In the business world negotiation is part of the game. Whether you’re a new startup or an established business it is important to negotiate the best price. As part of a continuation to our previous post “Controlling inventory costs leads to healthy profits” we discuss the importance of managing your inventory and supplies expenses.
When dealing with vendors or suppliers it is important to think in terms of “strategic partner” to achieve a mutual business relationship.
1. Be marketable. You and your supplier are both in the business to sell. You should consider selling yourself as a business with a promising future to your supplier. Let them know that you are someone that will give them repeat business over the long run. For example, if you’re a new start-up you can send them a sales projection plan to try and negotiate the best deal possible. Or if you’re an established business then you probably have a track record of past purchases which you can use to your advantage in negotiating a fair price.
2. Ask for promotions. Don’t be afraid to ask for promotions on your first contact with supplier. Most businesses have some type of promotion or incentives. Every supplier or vendor is in the business to sell as much as possible. They’re in the wholesale business, so it is to their best interest to give you buying power so that they can move their product out of storage. If the price being negotiated is still not fair to you then consider advertising allowances. Most manufactures have advertising programs/products that they can offer you for your store front. This will help save you money on design and printing services.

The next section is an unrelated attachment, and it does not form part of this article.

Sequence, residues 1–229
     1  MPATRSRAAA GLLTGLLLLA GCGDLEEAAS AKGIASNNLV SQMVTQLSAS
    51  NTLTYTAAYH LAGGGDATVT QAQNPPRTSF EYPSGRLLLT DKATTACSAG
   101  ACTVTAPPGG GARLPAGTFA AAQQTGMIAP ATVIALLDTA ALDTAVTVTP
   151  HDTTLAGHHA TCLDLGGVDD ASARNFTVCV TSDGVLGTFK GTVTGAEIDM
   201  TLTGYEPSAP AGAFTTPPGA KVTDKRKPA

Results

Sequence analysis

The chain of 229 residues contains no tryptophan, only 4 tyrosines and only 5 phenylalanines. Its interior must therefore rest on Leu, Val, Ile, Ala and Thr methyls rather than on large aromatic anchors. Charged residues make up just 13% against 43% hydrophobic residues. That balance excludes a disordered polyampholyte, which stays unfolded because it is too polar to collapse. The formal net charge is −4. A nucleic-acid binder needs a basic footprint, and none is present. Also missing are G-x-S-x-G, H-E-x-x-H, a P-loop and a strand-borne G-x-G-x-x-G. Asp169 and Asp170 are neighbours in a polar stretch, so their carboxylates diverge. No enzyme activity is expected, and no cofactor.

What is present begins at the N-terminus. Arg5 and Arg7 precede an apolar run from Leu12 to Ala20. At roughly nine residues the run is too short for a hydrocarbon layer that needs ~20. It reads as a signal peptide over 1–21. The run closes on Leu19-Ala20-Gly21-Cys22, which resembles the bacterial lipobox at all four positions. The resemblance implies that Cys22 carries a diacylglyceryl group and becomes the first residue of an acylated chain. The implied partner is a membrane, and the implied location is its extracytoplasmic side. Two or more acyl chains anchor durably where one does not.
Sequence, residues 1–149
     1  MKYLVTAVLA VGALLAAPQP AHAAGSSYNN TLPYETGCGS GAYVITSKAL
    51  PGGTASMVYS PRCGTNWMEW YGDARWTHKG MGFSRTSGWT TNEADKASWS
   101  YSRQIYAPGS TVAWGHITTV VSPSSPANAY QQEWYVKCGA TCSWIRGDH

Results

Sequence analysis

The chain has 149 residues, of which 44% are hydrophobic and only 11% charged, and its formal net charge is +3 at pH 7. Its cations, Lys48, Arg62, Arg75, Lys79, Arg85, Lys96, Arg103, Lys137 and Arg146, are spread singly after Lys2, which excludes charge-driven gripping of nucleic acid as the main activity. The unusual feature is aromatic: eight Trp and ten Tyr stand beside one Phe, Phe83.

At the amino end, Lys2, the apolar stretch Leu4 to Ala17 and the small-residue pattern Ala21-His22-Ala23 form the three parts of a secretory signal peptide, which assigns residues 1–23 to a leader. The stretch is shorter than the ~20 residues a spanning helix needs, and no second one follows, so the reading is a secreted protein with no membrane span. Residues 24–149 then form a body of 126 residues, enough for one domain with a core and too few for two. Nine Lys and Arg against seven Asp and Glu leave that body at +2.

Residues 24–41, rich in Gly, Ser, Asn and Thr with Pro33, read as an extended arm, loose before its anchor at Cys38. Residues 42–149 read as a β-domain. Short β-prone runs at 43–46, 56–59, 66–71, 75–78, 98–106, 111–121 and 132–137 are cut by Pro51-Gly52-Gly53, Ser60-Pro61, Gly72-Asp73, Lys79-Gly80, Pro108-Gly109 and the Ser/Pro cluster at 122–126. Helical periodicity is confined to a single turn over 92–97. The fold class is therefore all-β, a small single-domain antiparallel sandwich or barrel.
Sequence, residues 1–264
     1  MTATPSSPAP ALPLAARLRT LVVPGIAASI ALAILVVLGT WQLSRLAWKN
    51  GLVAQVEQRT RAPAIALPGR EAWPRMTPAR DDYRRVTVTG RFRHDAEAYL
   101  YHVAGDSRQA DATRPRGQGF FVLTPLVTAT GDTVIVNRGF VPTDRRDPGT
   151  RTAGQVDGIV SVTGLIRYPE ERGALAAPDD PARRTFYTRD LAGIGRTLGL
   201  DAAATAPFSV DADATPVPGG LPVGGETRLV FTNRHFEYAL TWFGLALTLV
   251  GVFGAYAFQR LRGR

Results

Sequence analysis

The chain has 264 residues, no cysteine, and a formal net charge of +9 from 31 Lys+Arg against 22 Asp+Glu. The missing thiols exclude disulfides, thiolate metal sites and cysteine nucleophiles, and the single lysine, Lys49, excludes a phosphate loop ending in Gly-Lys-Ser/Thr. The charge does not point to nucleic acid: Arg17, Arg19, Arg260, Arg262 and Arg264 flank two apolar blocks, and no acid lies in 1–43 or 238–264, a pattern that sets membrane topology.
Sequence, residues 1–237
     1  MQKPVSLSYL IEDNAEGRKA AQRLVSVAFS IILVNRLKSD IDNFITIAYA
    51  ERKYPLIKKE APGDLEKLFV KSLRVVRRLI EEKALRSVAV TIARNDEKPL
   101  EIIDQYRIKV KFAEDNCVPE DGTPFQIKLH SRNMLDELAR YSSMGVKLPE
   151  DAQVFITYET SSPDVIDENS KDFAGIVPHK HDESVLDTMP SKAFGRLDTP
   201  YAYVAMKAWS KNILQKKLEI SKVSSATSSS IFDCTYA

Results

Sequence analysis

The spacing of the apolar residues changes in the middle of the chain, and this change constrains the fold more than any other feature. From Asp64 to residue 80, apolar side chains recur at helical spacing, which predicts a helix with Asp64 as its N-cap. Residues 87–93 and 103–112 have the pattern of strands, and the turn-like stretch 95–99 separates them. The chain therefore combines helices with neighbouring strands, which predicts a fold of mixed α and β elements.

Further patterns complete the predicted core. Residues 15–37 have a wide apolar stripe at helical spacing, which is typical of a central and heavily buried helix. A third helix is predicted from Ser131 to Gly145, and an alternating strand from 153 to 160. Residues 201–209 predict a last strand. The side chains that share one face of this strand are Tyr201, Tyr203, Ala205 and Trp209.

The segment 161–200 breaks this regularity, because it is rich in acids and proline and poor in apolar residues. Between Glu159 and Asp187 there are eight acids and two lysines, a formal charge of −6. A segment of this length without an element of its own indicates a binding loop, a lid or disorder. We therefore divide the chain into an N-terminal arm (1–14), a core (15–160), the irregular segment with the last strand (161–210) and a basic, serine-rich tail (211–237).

3. Shop around. Just like anything else in life, whether you’re buying a car or a house normally people shop around. The same thing with suppliers. To promote competitive pricing, talk to at least 3 suppliers and let them know that you’re getting quotes. Talk to recognized brand suppliers and others with low profile suppliers and compare pricing, but most importantly consider quality. There is no point in getting a good price when the quality of the product is bad, unless you don’t plan on staying in a business for long.
4. Don’t be problematic. It doesn’t matter how much buying power you have, but if you’re a problem customer, you may not get the best deal. Let me remind you of the term “strategic partner”. Treat your supplier like a partner. Negotiating is not always about being aggressive and unfair. Make sure to make payments on time, have communication and respect.
5. Paper talks. ALWAYS make sure you have any agreement or offer from your deal in WRITING, and make sure it matches the verbal agreement. Never sign or agree to anything before reviewing all the final terms. Most of the time suppliers will take card payments through the phone but it’s better to have them e-mail/fax you a payment authorization form with the terms of the deal.